Month One As A Failing School
On September 13, 2010, the California Department of Education released the Accountability Performance Index (API) of all schools in the state, the measure by which schools are judged as functional or failing, and my school unfortunately earned the latter title. To say we were surprised would not be true, because the previous year involved body blows to our school’s curriculum, stability, and culture due to the loss of 23 esteemed and talented teachers who were laid-off in a Reduction in Force. The tragedy of this loss has been chronicled in the Don’t Forget South Central blog.
Possible consequences are:
1. Federal: NCLB sanctions which include allowing students to enroll elsewhere, firing the Principal, reconstituting the school, or converting to a charter.
2. Local: The Los Angeles Unified District approved of a Public School Choice policy which allows the Superintendent to identify failing schools and offer them up for a change in management via charter school or teacher collaboratives.
Our work is cut out for us. Our students arrive in 6th grade vastly below grade level, and our new staff members are overwhelmingly new to middle school teaching. We have many kindergarten and first grade teachers now teaching adolescents in 6th, 7th, and 8th grades. Massive support is needed in terms of coaching and mentoring, positions also cut drastically due to the budget crisis. So we are pairing these new staff members with veteran instructors that teach the same subject. Fortunately for our school, grade levels have a common conference period that facilitates these types of meetings.
The New Teacher Roundtable has changed its focus from helping brand new teachers adjust to the profession to helping new staff members understand the culture of our school, and keep up with our challenging bell schedule and multiple meetings. Many new staff members did not select our school as their first choice when reassigned from eliminated district positions; our job is to help them come to grips with the change and provide whatever support necessary to assist with their instruction.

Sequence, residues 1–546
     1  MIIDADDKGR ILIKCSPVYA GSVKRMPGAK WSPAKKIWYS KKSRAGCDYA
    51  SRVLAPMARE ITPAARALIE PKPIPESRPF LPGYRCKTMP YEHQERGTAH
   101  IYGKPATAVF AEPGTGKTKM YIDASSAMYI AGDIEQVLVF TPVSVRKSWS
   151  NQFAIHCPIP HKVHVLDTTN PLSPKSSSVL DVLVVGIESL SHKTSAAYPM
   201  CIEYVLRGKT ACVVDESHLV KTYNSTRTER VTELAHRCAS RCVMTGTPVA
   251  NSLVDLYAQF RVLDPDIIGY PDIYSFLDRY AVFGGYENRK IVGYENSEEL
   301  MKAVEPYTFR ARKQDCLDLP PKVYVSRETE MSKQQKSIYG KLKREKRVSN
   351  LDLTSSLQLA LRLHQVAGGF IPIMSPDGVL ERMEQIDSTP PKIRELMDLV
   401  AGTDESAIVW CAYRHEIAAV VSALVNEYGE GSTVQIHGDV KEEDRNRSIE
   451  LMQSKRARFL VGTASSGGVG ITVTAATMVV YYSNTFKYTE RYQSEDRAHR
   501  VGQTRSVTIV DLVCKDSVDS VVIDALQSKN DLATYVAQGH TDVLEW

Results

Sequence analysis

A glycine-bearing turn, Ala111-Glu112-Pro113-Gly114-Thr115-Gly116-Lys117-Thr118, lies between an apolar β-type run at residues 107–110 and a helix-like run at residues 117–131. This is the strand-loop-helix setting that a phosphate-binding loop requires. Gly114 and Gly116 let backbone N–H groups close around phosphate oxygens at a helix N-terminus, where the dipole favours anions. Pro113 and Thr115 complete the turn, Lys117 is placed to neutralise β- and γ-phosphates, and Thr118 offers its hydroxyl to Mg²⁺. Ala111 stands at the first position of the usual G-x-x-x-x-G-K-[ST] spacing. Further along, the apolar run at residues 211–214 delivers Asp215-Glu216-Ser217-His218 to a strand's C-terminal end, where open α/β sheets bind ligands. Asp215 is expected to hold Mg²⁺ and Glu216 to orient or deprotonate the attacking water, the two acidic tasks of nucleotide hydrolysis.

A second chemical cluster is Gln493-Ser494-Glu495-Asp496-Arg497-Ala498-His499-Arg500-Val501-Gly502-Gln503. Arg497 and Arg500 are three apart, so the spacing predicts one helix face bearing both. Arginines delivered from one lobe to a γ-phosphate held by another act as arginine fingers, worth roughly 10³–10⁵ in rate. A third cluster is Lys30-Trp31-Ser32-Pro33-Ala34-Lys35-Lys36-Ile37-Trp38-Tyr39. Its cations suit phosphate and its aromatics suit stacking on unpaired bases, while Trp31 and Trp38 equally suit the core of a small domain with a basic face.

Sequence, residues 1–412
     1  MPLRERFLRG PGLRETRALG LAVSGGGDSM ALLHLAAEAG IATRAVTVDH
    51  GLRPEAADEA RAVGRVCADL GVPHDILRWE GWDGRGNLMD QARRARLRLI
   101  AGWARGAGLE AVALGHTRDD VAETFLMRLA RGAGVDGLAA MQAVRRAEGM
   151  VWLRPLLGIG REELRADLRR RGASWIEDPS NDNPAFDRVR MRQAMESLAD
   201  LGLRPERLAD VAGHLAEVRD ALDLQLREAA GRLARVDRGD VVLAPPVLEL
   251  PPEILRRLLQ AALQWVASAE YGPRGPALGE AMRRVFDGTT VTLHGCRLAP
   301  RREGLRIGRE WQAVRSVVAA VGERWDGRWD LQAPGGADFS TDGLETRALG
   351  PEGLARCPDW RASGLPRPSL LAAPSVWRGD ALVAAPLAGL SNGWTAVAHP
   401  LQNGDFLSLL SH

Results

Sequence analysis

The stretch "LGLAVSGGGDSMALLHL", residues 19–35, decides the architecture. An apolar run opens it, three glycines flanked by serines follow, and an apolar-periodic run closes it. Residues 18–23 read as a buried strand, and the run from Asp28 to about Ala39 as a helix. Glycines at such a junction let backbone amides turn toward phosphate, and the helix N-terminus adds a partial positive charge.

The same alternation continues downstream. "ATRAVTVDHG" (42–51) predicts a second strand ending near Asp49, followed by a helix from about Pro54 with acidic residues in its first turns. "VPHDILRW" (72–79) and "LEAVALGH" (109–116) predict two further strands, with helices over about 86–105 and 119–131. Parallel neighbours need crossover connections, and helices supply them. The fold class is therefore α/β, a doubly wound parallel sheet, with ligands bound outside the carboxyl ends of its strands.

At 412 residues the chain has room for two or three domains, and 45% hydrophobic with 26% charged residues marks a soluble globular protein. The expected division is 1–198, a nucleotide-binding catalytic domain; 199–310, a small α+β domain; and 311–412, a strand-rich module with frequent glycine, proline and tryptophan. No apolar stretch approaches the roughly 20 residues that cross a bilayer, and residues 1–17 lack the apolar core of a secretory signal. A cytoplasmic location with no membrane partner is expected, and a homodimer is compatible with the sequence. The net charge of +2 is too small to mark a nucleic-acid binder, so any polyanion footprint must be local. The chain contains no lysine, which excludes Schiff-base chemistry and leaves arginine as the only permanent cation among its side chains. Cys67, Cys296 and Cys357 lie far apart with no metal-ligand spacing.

Fortunately, we have been assigned a Title 3 coach, paid for by the District, to help improve the instruction of our English Learners. This coach has also helped with data analysis, and English and Math teachers have met one by one with instructional coaches to examine the performance of their students in last year’s state exam. They are asked to count how many students rose or fell a level (or two, or three) and measure the scaled score to see who rose or fell within a level. For some teachers, the results have been eye-opening.
Teachers with the strongest performance have been assigned the lowest performing students during the intervention period we have built in to our schedule, called Flex. This flex period allows additional help during the school day to help students such as these, but also provides enrichment classes to those who are performing at or above grade level. This has cause some grumbling, as teachers have been accustomed to working with students similar to those they teach in their core classes. For many, they will be teaching 20-25 students who they know nothing about. I’m sure they will get to know them quite well during the year.
High scoring teachers have also been asked to take on leadership roles and work with their departments by sharing successful lessons.
Schoolwide, the Principal brought in a data specialist to explain the results of the state exam, department by department, longitudinally, and by sub-group. All staff members have been charged with improving test scores, as we as group will experience the repercussion if we should fail in our mission.
Many of these strategies are nothing new and are quite common in schools nationwide. The difference for us is the focus and urgency of the challenge at hand: reversing the under achievement of our lowest-performing students while at the same time continuing to serve our Advanced Studies population, which comprises 30% of our school population. Our principal is not willing to sacrifice any sub-group to the testing Gods, and has continued to support all programs on campus.
As for teacher morale, we understand the system in which we work. We know that the future of our campus depends on the results of the work done today. We feel it is pointless to complain about the additional challenges bestowed on our school (cuts, layoffs, forcing teachers to be assigned to our school) so we focus on staying positive and not allowing the stress of the new system to distract us. Because unlike our lost colleagues, at least we still have our jobs, and the students, their teachers.